- x=12 assign references to integer objects to variables
- >>>def example(x, y): create a function named example
- x="Hello" assign values to arguments x, y
- print(x, y, sep=", ")
- return None
- >>>example(x, y) call the function without forgetting to specify the parameters
- Hello, Python
- >>>print(x, y)
- 12 34
Pay attention to the penultimate line of code. In the Python interpreter, the print() command returned x and y from the global scope.
Argument values do not have to be specified inside the function, you can enter them manually when calling it:
- >>>def E_2(x, y):
- return x + y
- >>>E_2("Hello, " "Python!") to separate words, put a space before the closing quote
- Hello, Python!
- E_2(5, 4)
As you can see from the simple function E_2 example, the result depends entirely on the type of the x and y objects. In the first case, E_2 performed the concatenation, and in the second, the arithmetic addition operation. This is the principle of polymorphism and dynamic typing. The fact that objects define syntactic meaning makes the language flexible and simple. No need to waste time separately specifying the data type that the function works with.
This rule concerns working with variables in different scopes. By default, all names you create in the body of a function are considered local. And the names in the module are global. If desired, names can be assigned the value of top-level variablesusing notlocal and global.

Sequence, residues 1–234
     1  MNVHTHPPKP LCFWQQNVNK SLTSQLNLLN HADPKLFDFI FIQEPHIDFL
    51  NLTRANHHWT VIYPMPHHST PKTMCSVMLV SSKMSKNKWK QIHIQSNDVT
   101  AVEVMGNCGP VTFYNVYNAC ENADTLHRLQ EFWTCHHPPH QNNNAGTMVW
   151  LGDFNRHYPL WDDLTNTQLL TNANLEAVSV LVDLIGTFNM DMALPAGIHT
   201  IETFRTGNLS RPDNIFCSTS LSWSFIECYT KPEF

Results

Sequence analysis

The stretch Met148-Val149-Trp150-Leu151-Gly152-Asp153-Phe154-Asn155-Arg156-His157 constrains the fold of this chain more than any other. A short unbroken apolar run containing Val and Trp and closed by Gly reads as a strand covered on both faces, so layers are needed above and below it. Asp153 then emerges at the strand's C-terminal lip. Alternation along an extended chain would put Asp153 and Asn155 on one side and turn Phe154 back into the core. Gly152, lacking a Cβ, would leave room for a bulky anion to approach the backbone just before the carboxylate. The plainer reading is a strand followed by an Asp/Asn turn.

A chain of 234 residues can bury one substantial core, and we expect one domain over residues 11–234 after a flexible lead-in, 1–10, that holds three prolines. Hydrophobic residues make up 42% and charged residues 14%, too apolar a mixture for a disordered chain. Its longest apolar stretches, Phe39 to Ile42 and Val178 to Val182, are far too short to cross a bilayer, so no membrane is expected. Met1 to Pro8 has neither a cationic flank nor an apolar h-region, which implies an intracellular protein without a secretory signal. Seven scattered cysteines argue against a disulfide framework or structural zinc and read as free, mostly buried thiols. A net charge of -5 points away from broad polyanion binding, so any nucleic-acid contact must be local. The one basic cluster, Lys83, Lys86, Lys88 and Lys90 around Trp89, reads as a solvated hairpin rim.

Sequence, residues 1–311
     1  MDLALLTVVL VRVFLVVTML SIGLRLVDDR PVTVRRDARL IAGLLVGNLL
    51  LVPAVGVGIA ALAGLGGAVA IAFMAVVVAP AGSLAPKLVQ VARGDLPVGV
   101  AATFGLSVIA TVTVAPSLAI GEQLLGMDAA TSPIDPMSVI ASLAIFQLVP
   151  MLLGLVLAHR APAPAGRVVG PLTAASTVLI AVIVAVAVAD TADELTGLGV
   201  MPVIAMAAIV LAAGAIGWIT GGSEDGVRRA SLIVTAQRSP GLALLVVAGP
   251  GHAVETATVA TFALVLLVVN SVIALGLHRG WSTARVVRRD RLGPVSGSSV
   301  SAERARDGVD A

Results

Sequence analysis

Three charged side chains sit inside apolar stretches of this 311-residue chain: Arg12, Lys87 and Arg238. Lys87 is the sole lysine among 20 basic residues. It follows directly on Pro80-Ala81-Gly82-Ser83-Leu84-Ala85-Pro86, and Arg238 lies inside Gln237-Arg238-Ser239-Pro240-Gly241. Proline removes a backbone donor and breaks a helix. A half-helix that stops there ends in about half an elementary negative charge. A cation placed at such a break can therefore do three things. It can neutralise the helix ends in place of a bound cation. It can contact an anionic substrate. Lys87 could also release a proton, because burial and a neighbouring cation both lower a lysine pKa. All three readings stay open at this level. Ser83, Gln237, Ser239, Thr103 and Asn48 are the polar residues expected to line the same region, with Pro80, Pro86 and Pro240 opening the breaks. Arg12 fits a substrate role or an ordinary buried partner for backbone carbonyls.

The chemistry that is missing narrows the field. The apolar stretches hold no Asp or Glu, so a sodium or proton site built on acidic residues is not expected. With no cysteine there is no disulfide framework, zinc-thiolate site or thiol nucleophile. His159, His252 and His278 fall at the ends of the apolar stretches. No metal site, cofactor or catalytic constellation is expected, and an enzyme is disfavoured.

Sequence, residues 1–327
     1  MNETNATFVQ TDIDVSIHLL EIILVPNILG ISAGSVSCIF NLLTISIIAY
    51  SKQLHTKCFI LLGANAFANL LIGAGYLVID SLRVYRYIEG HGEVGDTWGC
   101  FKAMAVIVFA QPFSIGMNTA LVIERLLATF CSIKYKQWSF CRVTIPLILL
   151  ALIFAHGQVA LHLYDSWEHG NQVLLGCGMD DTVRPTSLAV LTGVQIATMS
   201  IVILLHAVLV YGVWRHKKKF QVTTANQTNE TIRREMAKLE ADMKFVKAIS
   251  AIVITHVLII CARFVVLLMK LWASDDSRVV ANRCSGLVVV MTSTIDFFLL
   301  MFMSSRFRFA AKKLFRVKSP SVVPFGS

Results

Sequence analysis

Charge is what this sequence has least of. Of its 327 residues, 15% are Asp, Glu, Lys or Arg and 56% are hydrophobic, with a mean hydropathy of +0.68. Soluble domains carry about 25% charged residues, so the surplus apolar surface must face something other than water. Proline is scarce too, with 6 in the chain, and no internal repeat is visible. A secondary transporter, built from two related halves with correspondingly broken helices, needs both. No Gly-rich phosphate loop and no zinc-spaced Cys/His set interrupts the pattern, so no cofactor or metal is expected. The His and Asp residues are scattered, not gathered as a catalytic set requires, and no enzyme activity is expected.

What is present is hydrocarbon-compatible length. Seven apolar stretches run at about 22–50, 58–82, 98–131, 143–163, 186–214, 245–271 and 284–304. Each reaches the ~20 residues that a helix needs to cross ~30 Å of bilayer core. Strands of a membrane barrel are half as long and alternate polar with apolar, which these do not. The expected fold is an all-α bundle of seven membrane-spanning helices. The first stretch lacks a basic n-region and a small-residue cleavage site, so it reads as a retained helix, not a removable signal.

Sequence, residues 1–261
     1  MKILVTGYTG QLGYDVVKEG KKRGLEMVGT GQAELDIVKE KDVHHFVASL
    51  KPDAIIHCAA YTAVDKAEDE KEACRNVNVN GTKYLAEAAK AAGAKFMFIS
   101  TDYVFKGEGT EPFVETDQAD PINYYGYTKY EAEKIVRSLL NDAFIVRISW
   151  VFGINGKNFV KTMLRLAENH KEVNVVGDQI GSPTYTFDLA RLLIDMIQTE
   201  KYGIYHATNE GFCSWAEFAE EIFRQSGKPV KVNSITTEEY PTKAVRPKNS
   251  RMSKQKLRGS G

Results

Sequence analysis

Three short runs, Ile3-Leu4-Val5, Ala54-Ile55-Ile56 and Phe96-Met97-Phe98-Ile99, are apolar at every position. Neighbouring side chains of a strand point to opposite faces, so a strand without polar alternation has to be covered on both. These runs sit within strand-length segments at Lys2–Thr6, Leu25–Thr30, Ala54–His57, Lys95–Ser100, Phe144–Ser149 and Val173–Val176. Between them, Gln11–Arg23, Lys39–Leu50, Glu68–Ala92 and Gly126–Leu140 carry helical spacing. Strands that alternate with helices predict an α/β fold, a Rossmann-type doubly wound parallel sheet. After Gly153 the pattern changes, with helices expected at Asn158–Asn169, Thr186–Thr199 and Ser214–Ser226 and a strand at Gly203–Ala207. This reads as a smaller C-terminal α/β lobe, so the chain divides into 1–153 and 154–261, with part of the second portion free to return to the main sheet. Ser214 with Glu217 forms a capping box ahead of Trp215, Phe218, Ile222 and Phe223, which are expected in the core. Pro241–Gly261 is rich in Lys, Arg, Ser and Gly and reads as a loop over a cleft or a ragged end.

The LEGB rule explains the name resolution scheme:
- As soon as the interpreter finds a variable inside a def statement, it first looks for values in the local scope.
- If the search fails, it jumps to the scope of any overarching statement def.
- The interpreter then moves on to the global names at the top level of the module and those labeled as global.
- If the search fails, the interpreter looks for names in Python's built-in scope.
Let's consider an illustrative example:
- >>>def example_2(K):
- C=L + K+R
- return C
Variables L and R are at the top level and are global names. R, C, and K are local variables, since the value assignment takes place inside the def.
The interpreter first performs the addition operation on the local R, C, and K, ignoring the variable R outside the def statement. Then it looks for L, and not finding it among the local names, goes to the top level.
What is lambda
Besides def, Python functions can be created using special expressions, one of which is lambda. It got its original name in honor of the lambda calculus of the LISP language.
Like def, lambda creates a function that can be called later, but does not associate it with any name. On practicelambda is used when you need to delay the execution of a piece of code.
Basics of lambda expressions
Lambda expressions look like def statements. First, the keyword lambda is written, then the arguments, a colon and the expression itself:
- >>>f=lambda x, y, z: x + y + z
- >>>f(2, 3, 4)
The body of a lambda is a single expression, not a block of statements. Due to this, lambda is limited in its capabilities and not as versatile as def. Only logic can be implemented in it, without while or for loops.
For a lambda, the rules for finding variables are similar to those for def. Names specified outside the expression are global, inside they are local, and they do not affect each other in any way.
Lambda expressions are very convenient to embed in a program. Due to their small size, they minimize and simplify the code. But the use of lambda is not fundamental. In Python 3, def. is enough for beginners to get started.